Most of the party switches are coming in rural parts of the state. The urban centers, Tulsa and Oklahoma City, are home to some of the largest evangelical churches in the country, including Oral Roberts' vast enterprise in Tulsa, which are providing several battalions in Robertson's army.
In Texas, the crown jewel of Super Tuesday, with 111 Republican delegates, the primary is open, meaning registered voters can choose either the Democratic or Republican primary. While that makes it more difficult to gauge Robertson's movement, it provides his campaign with the advantage of not having to spend money trying to get supporters to switch party affiliation. Robertson has spent $817,000 in Texas, more than three times as much as Bush or Dole.
Until this week Dole was ready virtually to concede Texas to Bush and only raise money here, but his Iowa victory may cause him to reconsider.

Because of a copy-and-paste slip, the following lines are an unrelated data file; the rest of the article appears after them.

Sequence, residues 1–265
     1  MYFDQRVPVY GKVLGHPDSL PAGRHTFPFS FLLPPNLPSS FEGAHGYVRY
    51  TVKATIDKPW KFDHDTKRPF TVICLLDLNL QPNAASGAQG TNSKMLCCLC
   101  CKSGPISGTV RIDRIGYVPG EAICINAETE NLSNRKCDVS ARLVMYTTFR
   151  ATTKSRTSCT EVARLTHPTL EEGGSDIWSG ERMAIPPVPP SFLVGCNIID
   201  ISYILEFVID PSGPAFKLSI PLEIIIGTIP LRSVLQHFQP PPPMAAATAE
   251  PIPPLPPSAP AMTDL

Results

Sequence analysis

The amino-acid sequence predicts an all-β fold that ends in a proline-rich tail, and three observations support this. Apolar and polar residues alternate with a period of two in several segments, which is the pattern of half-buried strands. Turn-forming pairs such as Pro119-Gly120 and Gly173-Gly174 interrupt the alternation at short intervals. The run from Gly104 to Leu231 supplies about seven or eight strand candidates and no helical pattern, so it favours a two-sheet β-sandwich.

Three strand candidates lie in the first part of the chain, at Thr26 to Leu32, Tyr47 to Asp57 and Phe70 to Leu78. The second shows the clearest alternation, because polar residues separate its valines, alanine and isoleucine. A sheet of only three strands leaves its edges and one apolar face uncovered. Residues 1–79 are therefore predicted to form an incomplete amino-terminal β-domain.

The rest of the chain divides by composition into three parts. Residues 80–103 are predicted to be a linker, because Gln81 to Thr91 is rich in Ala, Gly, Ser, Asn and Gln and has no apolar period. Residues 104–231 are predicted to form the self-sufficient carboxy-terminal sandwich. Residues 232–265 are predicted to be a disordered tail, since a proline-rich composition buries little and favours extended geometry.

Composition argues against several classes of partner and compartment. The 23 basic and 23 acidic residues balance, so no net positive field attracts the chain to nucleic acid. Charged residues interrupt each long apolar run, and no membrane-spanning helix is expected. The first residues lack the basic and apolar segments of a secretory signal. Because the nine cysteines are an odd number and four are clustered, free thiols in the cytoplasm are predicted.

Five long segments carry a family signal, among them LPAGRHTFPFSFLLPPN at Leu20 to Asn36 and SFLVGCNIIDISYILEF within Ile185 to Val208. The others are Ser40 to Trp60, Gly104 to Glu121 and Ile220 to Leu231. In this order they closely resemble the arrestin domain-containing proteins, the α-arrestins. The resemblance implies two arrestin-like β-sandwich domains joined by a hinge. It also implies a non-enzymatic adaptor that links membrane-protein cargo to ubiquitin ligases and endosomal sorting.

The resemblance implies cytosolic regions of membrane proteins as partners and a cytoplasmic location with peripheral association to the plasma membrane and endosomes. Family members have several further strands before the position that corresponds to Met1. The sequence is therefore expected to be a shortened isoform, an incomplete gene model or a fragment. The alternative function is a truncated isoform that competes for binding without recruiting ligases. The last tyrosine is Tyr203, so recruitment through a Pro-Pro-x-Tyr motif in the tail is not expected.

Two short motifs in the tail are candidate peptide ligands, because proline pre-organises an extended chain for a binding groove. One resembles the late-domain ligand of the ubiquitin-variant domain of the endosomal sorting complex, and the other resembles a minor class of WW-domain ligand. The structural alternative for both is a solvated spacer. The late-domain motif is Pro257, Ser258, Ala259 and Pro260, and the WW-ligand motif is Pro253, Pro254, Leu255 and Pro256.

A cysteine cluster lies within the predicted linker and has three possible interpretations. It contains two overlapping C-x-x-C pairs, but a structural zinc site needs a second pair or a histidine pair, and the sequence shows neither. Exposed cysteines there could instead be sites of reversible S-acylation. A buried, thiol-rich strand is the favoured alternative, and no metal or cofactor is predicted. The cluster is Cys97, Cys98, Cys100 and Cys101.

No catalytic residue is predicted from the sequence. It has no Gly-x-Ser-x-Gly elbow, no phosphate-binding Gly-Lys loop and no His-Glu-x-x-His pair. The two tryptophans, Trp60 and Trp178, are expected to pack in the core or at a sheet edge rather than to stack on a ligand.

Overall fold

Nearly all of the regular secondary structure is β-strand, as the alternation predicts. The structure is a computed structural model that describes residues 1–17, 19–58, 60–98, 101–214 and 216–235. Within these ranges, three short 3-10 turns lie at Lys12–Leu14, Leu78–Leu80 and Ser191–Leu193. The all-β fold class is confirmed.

Robertson's key Texas aides are conservative Republicans who think that President Reagan was betrayed by moderates in his administration, especially Bush. They are taking special pleasure in training their sights on Bush, who got his start in politics in Texas 30 years ago.
"We are ecstatic," said Karen Cameron, Robertson's state political director. "So many people had hoped Ronald Reagan would surround himself with people who reflected the conservative ideology. Instead we got George Bush. There are so many people out there like little birds with their mouths open who want you to feed them the real patriotic, conservative stance. Those people are not going to be satisfied with anyone but Pat Robertson."
Special correspondent Elizabeth Hudson contributed to this report.